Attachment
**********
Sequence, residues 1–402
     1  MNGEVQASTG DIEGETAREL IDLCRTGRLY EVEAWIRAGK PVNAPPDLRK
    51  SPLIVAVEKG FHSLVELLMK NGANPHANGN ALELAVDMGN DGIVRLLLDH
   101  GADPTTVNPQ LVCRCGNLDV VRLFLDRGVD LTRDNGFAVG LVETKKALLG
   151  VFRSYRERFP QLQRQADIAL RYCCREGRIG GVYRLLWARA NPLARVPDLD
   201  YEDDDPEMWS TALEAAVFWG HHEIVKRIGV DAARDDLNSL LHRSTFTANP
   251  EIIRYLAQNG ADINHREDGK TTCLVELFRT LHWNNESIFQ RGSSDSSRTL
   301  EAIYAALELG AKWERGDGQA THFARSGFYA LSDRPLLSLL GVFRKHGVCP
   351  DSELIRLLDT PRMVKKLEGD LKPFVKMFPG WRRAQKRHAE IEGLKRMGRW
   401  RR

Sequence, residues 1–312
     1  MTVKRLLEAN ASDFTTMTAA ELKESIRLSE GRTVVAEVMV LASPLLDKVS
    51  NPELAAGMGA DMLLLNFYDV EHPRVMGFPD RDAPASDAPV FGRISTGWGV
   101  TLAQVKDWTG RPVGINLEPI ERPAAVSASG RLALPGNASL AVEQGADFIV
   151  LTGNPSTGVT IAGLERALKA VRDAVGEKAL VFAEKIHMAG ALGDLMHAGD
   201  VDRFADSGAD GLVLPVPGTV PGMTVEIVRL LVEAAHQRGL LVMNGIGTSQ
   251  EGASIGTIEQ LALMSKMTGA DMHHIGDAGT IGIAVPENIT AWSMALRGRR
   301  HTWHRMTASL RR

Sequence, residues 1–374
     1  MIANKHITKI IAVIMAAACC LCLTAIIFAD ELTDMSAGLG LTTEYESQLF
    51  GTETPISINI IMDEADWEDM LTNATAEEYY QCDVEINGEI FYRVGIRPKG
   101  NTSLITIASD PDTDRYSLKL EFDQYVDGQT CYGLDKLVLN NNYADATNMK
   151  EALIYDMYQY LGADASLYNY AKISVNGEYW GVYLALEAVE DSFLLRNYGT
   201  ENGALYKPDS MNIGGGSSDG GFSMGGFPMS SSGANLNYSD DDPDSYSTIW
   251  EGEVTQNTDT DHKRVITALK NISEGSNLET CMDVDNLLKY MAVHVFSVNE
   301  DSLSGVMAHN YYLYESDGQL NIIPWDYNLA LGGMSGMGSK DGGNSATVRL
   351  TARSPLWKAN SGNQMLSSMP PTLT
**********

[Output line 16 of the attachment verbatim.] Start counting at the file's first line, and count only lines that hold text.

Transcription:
   201  VDRFADSGAD GLVLPVPGTV PGMTVEIVRL LVEAAHQRGL LVMNGIGTSQ